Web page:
Creating an Impactful Multi-Year Student Journey

This piece was originally published in People’s Music School’s 2022-2023 Year in Review. Read about the impact that high-quality music programming has on student retention and student success at TPMS. 

The benefits of intensive music education are most pronounced in the context of a multi-year student journey. Our data shows that the longer students remain in our program, the deeper and more sustainable the impact, in particular given the learning disruption caused by the COVID-19 pandemic in our student community. We use internal data and external research to inform program design and interventions necessary to support students in persisting in our program as long as possible, setting ourselves apart from typical after-school programming.  

People’s Music School Class of ‘23 students celebrate at their Senior Send-off party

Students that persist in our program through their senior year graduate high school and go on to attend college 100% of the time.  However, even students that stay with us for two to three years see dramatic increases in growth mindset and grit. Our goal is to create the conditions that give every student that joins TPMS an opportunity to persist in a long-term journey of growth and progress in our program.  

This past year, we invested time and analysis in better understanding the drivers of student persistence and attrition. We analyzed quantitative data and interviewed families about their needs, learning three powerful insights that transformed our programming decisions.

Physical access is crucial

Students at The People’s Music School’s Greater South Side location are bussed to programming

Students at our Greater South Side site who received guaranteed bussing to programming had a 10% higher in-year retention rate than those who did not. At our North Side sites, we found that the farther away a student lives from our site, the higher their likelihood of attrition. This insight has led us to deepen our investment in student transportation for our Greater South Side site, and for our other sites, to narrow the geographic radius of our targeted recruitment efforts, focusing on building cohorts of students from schools in close proximity to our community sites and strengthening our partnerships with local school principals.

Progression motivates

Greater South Side trumpet students and teaching artist Wes Woodward perform a trumpet fanfare to kick off the Winter Concert.

 We both saw in our data and heard from families that when students don’t progress musically, their motivation flags, and they are more likely to drop. Students who have remained at the same instrumental level for two years are at significant risk of attrition, whereas students that regularly progress tend to persist.

Moments of truth matter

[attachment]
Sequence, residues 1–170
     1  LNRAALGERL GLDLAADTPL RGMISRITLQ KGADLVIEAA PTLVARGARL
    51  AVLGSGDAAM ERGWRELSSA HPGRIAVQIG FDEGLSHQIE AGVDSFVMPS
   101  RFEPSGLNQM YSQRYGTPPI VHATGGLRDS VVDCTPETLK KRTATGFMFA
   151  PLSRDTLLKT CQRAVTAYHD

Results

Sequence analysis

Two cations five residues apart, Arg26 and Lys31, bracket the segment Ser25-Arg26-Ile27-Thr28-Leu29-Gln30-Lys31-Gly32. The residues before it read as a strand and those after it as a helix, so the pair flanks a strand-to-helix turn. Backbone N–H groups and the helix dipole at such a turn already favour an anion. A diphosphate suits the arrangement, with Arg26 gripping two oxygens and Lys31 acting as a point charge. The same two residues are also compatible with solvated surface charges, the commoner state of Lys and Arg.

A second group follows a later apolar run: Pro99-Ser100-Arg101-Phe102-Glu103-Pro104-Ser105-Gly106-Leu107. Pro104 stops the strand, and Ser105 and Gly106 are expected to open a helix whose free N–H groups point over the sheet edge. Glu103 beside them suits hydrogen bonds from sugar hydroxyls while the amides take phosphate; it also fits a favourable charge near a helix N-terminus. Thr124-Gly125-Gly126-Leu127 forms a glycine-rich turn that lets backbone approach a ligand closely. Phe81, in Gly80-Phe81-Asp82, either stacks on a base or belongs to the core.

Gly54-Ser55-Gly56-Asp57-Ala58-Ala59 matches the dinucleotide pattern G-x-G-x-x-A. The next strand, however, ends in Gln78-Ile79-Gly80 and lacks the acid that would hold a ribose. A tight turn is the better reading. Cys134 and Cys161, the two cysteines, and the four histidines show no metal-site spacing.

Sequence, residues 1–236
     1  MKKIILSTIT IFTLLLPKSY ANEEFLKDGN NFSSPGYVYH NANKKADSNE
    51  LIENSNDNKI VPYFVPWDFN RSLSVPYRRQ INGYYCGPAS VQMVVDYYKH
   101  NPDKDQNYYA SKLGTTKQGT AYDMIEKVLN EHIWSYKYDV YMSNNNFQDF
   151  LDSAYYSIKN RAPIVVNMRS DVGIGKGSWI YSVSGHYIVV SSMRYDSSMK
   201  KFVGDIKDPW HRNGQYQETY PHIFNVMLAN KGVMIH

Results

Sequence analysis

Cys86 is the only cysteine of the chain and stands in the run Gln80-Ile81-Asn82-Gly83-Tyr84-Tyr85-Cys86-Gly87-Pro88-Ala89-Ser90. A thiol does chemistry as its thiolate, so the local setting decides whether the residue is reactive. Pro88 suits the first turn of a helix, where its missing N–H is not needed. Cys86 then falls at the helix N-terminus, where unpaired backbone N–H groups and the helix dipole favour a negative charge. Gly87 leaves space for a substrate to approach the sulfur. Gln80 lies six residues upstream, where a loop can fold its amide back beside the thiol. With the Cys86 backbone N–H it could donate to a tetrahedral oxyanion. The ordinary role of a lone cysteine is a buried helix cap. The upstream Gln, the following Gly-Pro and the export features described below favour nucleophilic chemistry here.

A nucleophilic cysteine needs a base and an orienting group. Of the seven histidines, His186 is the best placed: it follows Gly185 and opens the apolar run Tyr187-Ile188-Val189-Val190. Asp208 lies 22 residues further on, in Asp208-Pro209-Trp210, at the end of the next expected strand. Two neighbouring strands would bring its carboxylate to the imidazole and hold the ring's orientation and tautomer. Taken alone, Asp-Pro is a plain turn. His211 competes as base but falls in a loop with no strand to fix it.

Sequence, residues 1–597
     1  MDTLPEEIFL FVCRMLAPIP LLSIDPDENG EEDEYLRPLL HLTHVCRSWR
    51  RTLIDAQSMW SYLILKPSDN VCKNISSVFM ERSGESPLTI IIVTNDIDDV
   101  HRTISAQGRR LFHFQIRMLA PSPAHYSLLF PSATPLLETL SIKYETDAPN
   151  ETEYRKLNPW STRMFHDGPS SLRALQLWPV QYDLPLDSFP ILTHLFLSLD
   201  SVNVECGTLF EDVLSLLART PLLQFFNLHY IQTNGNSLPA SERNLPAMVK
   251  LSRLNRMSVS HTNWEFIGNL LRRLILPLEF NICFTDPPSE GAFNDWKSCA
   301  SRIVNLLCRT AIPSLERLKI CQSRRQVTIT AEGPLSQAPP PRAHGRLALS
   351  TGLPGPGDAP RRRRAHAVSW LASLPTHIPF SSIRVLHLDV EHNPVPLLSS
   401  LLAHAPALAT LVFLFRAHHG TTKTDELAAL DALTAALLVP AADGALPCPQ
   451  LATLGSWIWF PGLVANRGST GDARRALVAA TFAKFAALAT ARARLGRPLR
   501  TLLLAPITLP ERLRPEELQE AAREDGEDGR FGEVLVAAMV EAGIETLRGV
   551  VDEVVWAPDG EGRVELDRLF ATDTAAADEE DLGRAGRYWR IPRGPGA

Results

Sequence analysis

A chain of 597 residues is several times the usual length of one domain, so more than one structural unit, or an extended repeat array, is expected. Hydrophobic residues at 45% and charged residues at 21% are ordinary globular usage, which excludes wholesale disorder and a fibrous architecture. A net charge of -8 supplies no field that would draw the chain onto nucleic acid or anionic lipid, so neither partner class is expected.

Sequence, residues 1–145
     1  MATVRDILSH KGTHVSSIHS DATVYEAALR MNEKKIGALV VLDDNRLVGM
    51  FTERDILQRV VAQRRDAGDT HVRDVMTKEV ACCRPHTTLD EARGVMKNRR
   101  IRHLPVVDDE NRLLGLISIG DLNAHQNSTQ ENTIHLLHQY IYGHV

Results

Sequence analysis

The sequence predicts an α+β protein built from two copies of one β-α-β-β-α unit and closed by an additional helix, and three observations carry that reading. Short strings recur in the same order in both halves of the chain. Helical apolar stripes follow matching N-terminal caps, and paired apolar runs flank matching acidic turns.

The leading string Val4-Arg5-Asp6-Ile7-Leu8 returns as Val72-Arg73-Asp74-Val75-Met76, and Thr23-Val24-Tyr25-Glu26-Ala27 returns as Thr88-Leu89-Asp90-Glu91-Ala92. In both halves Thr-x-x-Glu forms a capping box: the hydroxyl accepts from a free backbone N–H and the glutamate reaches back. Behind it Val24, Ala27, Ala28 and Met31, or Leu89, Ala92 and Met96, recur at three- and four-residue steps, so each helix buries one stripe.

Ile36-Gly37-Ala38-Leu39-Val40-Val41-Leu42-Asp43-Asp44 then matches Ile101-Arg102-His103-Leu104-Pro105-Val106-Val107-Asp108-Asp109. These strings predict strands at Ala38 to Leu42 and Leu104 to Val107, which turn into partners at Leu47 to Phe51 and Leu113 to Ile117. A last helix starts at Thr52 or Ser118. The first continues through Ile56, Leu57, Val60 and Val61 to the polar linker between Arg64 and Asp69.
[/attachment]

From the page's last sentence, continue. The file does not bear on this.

Violin students at our Greater South Side program smile after performing in the Winter Concert

Families reported that in their journey, specific moments in their program experience significantly impacted their ability to persist. Instrument matching matters: If a student matched with an instrument they were excited about, this impacted their excitement to stay. Also, when students are in moments of academic transition, for example moving from 5th to 6th grade or 8th to 9th, they are more likely to reassess their activities for the following year.


These three insights enabled us to better prioritize our outreach efforts to families by proactively identifying students at high risk of attrition and intensifying our interventions in ways that motivated more students to persist.  In this past year, we developed a dashboard analyzing these critical factors against all of our students, facilitating our Program Managers’ ability to identify and intervene for the students most at risk of dropping the program during the year. 

In one example, we identified a 6th grade student that had multiple risk factors for leaving the program (6th grade, below average attendance, lack of progression).  This student struggled to engage with our virtual programming during the COVID-19 closures, and these attendance and engagement challenges continued with the return to in-person programming. These challenges hindered his ability to progress musically and contribute to his ensemble.  With this in mind, we initiated an in-person meeting with his family, and also designed a learning plan tailored to his needs, in particular focusing on incentives and rewards to keep this student engaged, motivated to progress, and connected to his community of peers.  With these interventions, the student not only remained in the program for the year, but also grew into a leader within his ensemble. 


This year, over 80% of the students who started last year with us re-enrolled this fall. We see this as not only a strong indicator of families’ and students’ interest in and dedication to our programming, but also a success of our own data-driven and community-centered efforts.

1 thought on “Creating an Impactful Multi-Year Student Journey”

  1. Jenn Torres

    Thank you for all you do for our kids TPMS! They love music and are learning so much. Great teachers & staff at Uptown! Happy parent!

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